In the Jungian, pre-concious soup, elements collide, creating more energy. Though as Arnheim points out, these are not in themselves significant, or even ideas. An interpretive, conscious creative mind must bring them into the light. The sketchbook, with its fluid watercolor wash, or open-ended pencil lines, is the stage where this drama plays out. Write your phrases, working titles or half baked poetry in the margins. There’s no sense entering this wilderness without a verbal lifeline. Date your entries, yes, if only so you can later marvel how long you’ve wandered the void. It takes years, sometimes.
No matter what baggage you’ve brought into the void, it is only your senses that can get you back out.
Loosen the reins and follow your pencil. Paths coalesce, contours emerge. One is receptive at this point. Most of us are not geniuses; it’s good to listen to the words, feel the contours. Ideas favor the receptive mind. It’s okay to laugh back.
Receptivity comes in different forms. When working in black and white, a schematic, a transparent ideograph is the thing I see. When shadows are added, movement of light is implied, which is a simple narrative. Then colors are added. Colors are in themselves receptive, and speak to other colors. On an existential level, colors are just as baffling as ideas, and may also be having fun at our expense. If you set yourself a balanced, simple palette, it’s quite possible that a given color will find drama in its tonal neighbors and vice-versa. Complementary colors are all about paradox. And black and white are dynamic, so a single added color can tease out a lot of nuance.
The color chosen above, a sort of dark sea-green, refers to nature, but also somewhat to the watery depths of subconscious. This is actually the ‘sketch’- the first appearance of this idea, direct to the printing plate. There is no ‘preliminary’ sketch, although I explored the idea further in my little note book later. The etching I did to learn the non-toxic polymer process in a workshop last month, which I posted here, is also a later sketch. The image is compelling to me, but far from a ‘finished’ idea. I like working this way, with smaller versions ( here, 11×15″) leading up to larger, more refined work.
Above is a further image relating to this idea. I found a crude, simplified clarinet shape that was stick-like, so I added it to “Bramble”. It makes no sense, but I enjoyed the joke.
In information theory, there exists the phenomenon of signal to noise. Ideally, when the noise is filtered out, meaning coalesces. I had a conversation with a friend, Noah about how writers write. His observation: writers for larger audiences- his example, screenwriters- always seem to have more definitive ideas about their process than writers for smaller audiences (eg: poets). We decided that poets often don’t even know what they are writing as they write it. It brought up the question of creative process. This resonated, and brought me the sudden flash that “Bramble”, heretofore a compelling but simplistic dreamscape, might be considered a metaphor for the creative process itself. If you were expecting me to talk about a light bulb moment in my discussion of ideas- there it is, though, of course, it came relatively late in the game. If all this sounds a bit self-reflexive, I can’t argue, but viewers bring their own stories to works they see as well. I’ve seen it happen, at street fair shows, and I don’t begrudge their creative input. The conversation, both before and after execution, informs the idea.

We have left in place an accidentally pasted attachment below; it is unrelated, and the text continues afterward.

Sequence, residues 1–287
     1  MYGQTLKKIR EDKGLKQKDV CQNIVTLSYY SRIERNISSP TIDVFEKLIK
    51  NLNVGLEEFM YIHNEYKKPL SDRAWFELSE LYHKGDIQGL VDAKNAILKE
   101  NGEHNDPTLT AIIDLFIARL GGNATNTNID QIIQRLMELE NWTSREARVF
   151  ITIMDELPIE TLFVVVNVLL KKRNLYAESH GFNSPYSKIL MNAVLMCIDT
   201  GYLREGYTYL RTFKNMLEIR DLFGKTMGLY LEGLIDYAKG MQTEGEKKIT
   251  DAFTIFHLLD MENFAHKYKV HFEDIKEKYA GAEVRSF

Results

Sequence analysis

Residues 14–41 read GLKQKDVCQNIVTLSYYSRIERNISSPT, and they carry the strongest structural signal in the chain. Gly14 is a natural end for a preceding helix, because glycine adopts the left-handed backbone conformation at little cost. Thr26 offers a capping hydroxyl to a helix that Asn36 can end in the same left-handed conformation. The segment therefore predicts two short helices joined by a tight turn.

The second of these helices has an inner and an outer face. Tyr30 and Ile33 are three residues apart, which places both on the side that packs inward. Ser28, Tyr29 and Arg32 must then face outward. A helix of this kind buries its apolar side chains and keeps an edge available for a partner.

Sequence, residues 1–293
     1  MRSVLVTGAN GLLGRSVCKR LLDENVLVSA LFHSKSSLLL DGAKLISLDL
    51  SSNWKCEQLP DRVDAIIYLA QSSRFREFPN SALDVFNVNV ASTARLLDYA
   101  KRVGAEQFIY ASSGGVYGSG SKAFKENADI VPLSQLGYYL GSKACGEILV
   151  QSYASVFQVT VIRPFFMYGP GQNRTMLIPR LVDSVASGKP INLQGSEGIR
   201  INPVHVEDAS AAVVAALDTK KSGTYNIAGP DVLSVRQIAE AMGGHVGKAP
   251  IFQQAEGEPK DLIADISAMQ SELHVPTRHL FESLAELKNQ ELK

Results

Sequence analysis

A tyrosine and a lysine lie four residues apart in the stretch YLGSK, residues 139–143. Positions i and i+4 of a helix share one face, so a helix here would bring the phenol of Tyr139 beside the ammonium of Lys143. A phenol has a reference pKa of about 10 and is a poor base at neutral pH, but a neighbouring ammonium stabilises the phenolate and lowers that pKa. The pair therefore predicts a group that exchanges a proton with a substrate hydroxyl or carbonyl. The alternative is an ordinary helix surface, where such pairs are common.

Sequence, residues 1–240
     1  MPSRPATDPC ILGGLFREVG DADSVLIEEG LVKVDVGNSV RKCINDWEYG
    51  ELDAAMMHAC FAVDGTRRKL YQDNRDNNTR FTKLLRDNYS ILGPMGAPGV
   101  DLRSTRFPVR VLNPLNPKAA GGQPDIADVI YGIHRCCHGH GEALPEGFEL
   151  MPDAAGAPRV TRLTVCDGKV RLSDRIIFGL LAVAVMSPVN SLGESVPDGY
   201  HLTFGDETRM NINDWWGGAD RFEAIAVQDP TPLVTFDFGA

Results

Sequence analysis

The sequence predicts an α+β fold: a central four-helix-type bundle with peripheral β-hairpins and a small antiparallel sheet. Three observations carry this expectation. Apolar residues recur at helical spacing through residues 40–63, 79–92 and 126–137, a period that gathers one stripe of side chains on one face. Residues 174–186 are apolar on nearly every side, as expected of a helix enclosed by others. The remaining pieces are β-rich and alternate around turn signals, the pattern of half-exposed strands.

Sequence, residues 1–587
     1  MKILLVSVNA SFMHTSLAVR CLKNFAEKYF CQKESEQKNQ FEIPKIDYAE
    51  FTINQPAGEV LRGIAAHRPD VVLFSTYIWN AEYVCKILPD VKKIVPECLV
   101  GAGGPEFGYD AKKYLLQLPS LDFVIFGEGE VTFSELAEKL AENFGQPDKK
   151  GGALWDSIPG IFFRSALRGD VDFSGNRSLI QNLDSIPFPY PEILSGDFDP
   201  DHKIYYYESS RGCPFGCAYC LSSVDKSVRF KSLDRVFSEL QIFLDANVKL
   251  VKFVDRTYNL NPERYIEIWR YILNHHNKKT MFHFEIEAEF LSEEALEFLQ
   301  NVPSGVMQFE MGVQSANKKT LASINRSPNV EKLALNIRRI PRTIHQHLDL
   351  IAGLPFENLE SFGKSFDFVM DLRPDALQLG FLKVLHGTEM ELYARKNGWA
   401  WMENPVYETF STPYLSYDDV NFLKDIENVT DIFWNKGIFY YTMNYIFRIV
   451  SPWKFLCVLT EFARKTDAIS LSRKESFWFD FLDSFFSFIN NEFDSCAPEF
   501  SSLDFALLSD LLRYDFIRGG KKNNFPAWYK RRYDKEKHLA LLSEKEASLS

The Pixies once wrote a song called “Space”, about the conga player they hired to make that same song seem more ‘spacious’. “d=r times t” they sang, the first time I’d ever understood that synesthetic concept in relation to creativity. Thus, an idea is never really finished.
The creative mind is a creature of habit, too. A raw idea in its soupy jumble is often affixed to an image matrix the artist has used before, in order to establish order. It’s worked for him before, it can work again. I chose the landscape metaphor very deliberately. It’s been a powerful and generative notion in my mind since that month long residency in the mountains of Wyoming in the Oughts, and indeed, since I came west as a teen. Paradox and reversal, palindromic thinking can un-moor us from pre-conceptions and add freshness and surprise to an idea, like a punchline to a joke, or logic leap in speech, or dissonance in music. The surrealists used this sort of thing often, and a small bit of disorientation in a visual conception can paradoxically, add to a sense of presence or heightened reality in a picture, as the senses are awakened, and curiousity engaged. Max Ernst made a career of these disorienting juxtapositions.
Ideas are messy. I think that they are less like lightbulbs and more like radio static.